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The Budget Tightrope Walk

The Budget Tightrope Walk

During better times, preparing a Budget that pleases a majority can be quite tricky. Now imagine how even more difficult the task would be when times are challenging and the country is gripped with uncertainty. That is what Finance Minister Nirmala Sitharaman will have to do on February 1.

Finance Minister Nirmala Sitharaman has a huge challenge ahead. Finance Minister Nirmala Sitharaman has a huge challenge ahead.

In the best of times, preparing a Budget that pleases the majority of the population is a very difficult task. But when a finance minister has to do that in a completely unpredictable environment, it becomes several times more so. That’s what Finance Minister Nirmala Sitharaman will have to do when she rises to present the Budget for 2022-23, as the third wave of the Covid-19 pandemic, driven by the Omicron variant, sweeps the country. Meanwhile, latest data shows retail inflation rose to 5.59 per cent in December 2021, up from 4.91 per cent the previous month, while growth in industrial output slipped to 1.4 per cent in November, the lowest in nine months. The silver lining, however, is that the ongoing Covid-19 wave is not seen to be as devastating as the earlier ones, allowing the government to continue to focus on pushing growth and boosting investment. Besides, tax revenues so far this year have been very buoyant and are expected to surpass FY22 Budget Estimates.

Most analysts and economists reckon that the Finance Minister will have to hike spending to bolster growth, something that last year’s Budget also focussed on. A Barclays analysis says Sitharaman could continue to push the fiscal pedal to support the economy and, while the FY22 fiscal deficit estimate could be revised marginally upward to 7.1 per cent from the earlier 6.8 per cent, most economists believe the Finance Minister would want to stick to the fiscal deficit glide path she announced in the 2021 Union Budget, where the deficit is sought to be brought down to 4.5 per cent of GDP by FY26. However, balancing the need to push growth by way of expenditure while keeping the fiscal consolidation target in mind will always be a tough ask.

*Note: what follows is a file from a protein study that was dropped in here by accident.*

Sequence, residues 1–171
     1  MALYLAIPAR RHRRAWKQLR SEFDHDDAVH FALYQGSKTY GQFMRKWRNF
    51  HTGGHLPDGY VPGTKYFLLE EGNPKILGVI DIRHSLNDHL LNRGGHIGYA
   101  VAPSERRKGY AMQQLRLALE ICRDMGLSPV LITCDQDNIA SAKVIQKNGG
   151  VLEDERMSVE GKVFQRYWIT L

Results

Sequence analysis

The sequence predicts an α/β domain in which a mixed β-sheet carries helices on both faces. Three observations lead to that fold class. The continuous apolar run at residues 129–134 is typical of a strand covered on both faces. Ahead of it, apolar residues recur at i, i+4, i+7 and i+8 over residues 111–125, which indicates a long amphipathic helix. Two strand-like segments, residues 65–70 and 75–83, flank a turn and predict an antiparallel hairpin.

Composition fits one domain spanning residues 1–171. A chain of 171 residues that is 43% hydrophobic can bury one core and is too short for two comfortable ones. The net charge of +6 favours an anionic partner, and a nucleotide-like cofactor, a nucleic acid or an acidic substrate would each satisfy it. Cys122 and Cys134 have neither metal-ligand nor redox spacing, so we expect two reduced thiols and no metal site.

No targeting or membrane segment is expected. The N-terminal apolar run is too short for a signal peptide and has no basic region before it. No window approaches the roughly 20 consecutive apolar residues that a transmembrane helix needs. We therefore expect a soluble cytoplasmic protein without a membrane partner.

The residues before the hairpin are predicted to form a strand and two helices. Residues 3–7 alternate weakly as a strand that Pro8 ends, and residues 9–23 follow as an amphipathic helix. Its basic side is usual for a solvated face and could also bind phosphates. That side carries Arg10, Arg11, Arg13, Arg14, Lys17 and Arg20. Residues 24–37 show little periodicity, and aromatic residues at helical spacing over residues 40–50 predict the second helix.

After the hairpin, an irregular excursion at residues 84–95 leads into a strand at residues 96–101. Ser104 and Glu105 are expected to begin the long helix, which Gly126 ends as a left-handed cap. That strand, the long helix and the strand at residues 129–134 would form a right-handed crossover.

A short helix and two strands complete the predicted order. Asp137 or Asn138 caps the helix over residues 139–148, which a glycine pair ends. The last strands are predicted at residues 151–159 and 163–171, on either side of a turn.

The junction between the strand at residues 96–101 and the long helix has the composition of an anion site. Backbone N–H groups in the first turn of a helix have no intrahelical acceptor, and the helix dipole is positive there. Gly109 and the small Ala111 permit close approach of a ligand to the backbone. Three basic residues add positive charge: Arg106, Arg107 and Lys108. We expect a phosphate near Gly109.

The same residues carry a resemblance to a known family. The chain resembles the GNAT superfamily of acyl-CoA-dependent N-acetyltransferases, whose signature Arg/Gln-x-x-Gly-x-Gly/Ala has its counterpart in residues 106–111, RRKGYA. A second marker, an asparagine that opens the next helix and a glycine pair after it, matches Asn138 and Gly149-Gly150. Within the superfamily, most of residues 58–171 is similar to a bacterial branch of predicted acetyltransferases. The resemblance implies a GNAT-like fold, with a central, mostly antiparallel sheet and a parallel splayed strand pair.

In this pre-Budget issue, we take a close look at what the Finance Minister’s imperatives will be, and how she could raise the resources required to keep the economy on the growth path. One of the most important elements in the resource-raising area is disinvestment where the government has thus far had a very dismal track record. While the FY22 target was an ambitious ₹1.75 lakh crore, the collections so far have been a paltry ₹9,000-plus crore. The focus, therefore, has to be on shoring up resources by way of a mix of disinvestment, asset monetisation and privatisation. Rajat Mishra and Manish Pant examine all these aspects in our cover package and explore the roadblocks the government faces on the monetisation-disinvestment front. The ₹6 lakh-crore National Monetisation Pipeline—where roads, railway stations, stadia and other underutilised assets are sought to be monetised over the next three years—is all very well on paper. But execution will hold the key to its success. On the disinvestment front, the forthcoming Life Insurance Corporation public offer would ease some pressure. The sale of ailing national carrier Air India to the Tata group was an important breakthrough on privatisation, and a signal that the government was keen to push its disinvestment/privatisation agenda. Budget 2022 will need to demonstrate much more of that resolve.

Published on: Jan 21, 2022, 10:44 PM IST
Posted by: Arnav Das Sharma, Jan 21, 2022, 1:29 PM IST